I’m drawn back to the closing paragraphs of Filiu’s book, in which he quotes Michael Barkun on Timothy McVeigh and the dangers of “radical millenarianism” and says:
Let’s hope it never is.
December 31st, 2011 at 7:15 am
Islam, which has a fictive “unity” already assumed, has no mechanism to bring about actual unity and most new ideas are assumed to be “haram” as “innovations”
Agreed. I think there is a big psychological step involved in moving from the robotic fundamentalism practiced by radical Salafis to full-blown Mahdism. It is a “leap of faith” replacing the Sharia as an anchor with the Mahdi who can, in some beliefs, abrogate Quranic injunctions or levy new ones
December 31st, 2011 at 8:06 pm
While I would certainly agree that antinomianism is one possible correlate of the rise of an apocalyptic movement, I doubt it’s a very useful metric for measuring the “leap of faith”. I’d say that “the powers” may be negatively concerned at their implied loss of authority (in contemporary Shi’ism, for instance, the Najaf hawza in the case of the Mahdist uprisings there; Khamenei and Qom, under which rubric I’d include Mezbah-Yazdi, in the case of Ahmadinejad’s Mahdist populism) – but for participants, it’s more of an upsurge of excitement framing strong but previously back-pedaled currents of hope and fear in a theologically available and extremely vivid, simple adjusted narrative, with ecstatic implications that may easily become antinomian, not because the Mahdi has arrived and authorizes that shift, but because he’s expected and the expectation overwhelms previous restraints / constraints.
So we have what is effectively a “tidal wave phenomenon” in popular emotion (characterized by boom and bust?) as one proposed “agent” of the shift from passive sympathy to active jihad. Which to my mind is worth monitoring as social groundswell before it (potentially) erupts as a Mahdist jihad.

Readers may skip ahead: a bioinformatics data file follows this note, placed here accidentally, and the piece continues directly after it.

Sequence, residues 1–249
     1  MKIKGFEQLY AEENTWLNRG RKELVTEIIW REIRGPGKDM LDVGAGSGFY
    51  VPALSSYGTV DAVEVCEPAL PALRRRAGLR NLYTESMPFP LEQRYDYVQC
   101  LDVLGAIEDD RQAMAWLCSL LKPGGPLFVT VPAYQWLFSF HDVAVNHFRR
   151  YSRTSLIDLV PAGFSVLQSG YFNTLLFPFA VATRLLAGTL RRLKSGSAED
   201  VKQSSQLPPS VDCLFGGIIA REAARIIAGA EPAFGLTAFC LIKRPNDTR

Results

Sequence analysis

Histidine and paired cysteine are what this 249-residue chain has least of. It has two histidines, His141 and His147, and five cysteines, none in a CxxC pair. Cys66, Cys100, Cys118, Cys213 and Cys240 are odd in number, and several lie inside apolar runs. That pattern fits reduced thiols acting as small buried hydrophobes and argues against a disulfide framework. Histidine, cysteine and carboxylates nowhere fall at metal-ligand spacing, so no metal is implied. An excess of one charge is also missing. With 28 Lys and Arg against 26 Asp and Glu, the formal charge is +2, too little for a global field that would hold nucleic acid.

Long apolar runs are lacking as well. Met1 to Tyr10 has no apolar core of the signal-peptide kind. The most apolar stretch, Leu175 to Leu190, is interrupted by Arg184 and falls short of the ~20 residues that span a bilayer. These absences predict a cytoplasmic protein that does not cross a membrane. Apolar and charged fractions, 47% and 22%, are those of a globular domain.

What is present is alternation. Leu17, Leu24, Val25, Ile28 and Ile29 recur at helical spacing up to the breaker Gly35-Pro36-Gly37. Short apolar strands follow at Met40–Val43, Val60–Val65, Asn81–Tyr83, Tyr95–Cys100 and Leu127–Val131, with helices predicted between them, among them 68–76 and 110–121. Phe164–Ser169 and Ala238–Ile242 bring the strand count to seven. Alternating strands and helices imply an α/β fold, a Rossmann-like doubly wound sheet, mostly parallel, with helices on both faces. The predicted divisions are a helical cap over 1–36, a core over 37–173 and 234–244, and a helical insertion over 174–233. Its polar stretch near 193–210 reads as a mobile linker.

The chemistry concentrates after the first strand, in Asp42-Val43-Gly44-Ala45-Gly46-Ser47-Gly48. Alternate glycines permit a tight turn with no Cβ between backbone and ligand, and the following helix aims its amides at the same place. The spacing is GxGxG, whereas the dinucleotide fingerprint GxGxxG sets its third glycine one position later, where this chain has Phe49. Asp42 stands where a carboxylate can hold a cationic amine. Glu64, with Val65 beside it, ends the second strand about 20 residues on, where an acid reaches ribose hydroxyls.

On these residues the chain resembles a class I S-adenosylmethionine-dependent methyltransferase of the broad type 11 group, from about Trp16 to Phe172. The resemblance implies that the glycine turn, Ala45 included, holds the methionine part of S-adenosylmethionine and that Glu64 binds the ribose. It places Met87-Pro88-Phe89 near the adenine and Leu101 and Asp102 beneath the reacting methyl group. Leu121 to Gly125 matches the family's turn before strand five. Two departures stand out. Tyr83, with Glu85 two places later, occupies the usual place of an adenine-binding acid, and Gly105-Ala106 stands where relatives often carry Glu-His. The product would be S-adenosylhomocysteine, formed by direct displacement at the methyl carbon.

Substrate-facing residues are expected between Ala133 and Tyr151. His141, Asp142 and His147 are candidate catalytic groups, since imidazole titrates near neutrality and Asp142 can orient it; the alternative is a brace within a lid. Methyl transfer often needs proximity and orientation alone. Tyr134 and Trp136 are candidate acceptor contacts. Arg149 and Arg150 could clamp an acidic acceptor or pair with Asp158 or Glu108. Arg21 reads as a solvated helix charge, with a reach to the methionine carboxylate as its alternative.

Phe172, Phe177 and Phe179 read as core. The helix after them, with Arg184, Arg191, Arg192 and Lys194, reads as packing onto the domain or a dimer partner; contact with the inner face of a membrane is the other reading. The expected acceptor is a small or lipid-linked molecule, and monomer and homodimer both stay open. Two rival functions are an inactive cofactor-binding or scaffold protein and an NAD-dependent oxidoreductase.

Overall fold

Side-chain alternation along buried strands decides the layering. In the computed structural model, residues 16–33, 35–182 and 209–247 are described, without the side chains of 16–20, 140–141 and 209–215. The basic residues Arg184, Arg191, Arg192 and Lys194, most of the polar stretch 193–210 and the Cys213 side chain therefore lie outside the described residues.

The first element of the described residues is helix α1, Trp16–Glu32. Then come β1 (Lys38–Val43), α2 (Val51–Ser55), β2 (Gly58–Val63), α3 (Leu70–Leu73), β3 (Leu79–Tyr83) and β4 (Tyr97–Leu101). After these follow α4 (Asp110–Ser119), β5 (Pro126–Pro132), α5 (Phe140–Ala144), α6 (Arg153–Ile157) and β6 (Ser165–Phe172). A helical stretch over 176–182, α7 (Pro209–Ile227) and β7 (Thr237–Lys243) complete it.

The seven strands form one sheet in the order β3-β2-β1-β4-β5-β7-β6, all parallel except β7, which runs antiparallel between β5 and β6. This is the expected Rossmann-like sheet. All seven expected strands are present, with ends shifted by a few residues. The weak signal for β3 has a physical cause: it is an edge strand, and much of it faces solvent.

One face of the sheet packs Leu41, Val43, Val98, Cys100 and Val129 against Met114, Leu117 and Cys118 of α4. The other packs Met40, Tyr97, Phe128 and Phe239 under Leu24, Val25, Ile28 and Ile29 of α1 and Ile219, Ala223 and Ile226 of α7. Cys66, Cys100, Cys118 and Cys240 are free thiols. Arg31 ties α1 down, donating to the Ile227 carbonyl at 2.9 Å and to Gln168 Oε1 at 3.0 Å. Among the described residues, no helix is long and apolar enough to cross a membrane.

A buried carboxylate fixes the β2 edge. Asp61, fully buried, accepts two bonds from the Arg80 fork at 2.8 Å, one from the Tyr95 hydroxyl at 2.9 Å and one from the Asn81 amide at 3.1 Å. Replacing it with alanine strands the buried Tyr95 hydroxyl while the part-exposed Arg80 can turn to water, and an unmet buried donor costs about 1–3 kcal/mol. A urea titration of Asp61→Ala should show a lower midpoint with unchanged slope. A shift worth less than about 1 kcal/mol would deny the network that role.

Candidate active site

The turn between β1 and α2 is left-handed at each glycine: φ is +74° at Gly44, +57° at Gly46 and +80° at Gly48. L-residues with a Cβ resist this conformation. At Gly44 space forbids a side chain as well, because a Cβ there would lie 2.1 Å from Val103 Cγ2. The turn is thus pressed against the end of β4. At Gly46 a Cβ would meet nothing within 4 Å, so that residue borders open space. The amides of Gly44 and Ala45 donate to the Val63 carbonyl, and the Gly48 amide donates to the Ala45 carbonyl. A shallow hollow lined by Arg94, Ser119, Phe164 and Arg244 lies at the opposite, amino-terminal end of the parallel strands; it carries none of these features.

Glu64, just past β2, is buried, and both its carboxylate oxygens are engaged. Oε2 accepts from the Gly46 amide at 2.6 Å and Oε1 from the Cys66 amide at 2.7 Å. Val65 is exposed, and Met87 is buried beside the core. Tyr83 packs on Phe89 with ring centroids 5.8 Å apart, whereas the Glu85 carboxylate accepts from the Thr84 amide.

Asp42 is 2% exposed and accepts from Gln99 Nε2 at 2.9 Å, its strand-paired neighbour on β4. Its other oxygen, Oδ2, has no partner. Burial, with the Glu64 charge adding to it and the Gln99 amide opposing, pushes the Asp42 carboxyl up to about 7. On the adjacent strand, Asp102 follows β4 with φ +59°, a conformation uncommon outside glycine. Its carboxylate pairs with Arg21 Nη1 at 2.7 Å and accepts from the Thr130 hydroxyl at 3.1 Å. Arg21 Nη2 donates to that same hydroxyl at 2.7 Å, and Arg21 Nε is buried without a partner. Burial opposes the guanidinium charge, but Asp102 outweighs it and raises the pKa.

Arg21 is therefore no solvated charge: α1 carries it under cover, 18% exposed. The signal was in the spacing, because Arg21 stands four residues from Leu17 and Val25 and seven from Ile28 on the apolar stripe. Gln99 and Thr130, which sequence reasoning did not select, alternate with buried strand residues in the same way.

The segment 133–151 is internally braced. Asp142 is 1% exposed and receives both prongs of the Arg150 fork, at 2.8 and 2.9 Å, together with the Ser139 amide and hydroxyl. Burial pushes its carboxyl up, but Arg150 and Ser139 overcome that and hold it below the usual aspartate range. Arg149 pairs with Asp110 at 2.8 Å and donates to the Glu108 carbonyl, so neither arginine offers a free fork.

And I’ve already identified another, at the level of individual minds: the acceptance of “fard ‘ayn” or “individual religious obligation” to defend “the Ummah” against “the West” – precisely the Neglected Duty that Faraj preached in his book of that title. Which to my mind would be worth modeling at the level of an ecology of ideas.
FWIW, I just ran across an interesting, non-essentialist anthropological reading of jihad that has been made available for free download: Gabriele Marranci, Jihad Beyond Islam [.pdf]. Looks good.
June 20th, 2013 at 9:30 am
It is my opinion that Abu Musab Al Suri may possibly become the real Mahdi, or the Beast, the Antichrist, the Little Horn. If he is able (as the apparent leading exponent of Islamic jihad) to make that unity between jihadism and millenarianism a reality, and make unity a reality among the Arab nations, and in particular, if he is able to hijack the Syrian revolution and find his way to the top of it (having the innate ability to do just that), we really could be looking at Daniel 11-12 and Revelation coming true, given the facts cited by the article and the other comments to it.
It is also interesting to me that he has little patience with the religious dogmatists of Islamic jihad and appears to be a military pragmatist, even though a dedicated terrorist. Without further reading into his actual beliefs it’s hard to say, but this may indicate on his part a love of the “God of forces” or “God of fortresses” spoken of in the book of Daniel, at odds with the “gods of his ancestors.” I think we need to find out what the exact balance is between his devotion to traditional Islam and his willingness to alter it for strategic military purposes. And whether he is also a redistributionist, as that is also prophesied in Daniel.
June 20th, 2013 at 10:36 pm
The most recent info I have on him from informed folks like Aaron Zelin et al suggest he may well be under house arrest in Iran, if released at all … see this more recent post for details. I haven’t seen anything more recent.
June 20th, 2013 at 11:50 pm
“Islam, which has a fictive “unity” already assumed, has no mechanism to bring about actual unity and most new ideas are assumed to be “haram” as “innovations””
Well, I guess you’re right. The “unity” assumed is between Muslims, but I am not sure what “new” ideas are you talking about. I mean, the camera was vetted back in the 15th century or so, and it doesn’t look to me like the iphone is that big a deal for Islam.
The one thing that all of Islam agrees on is that there can be no unity, but, as for a mechanism for unity, isn’t that what Charles has been yammering on about?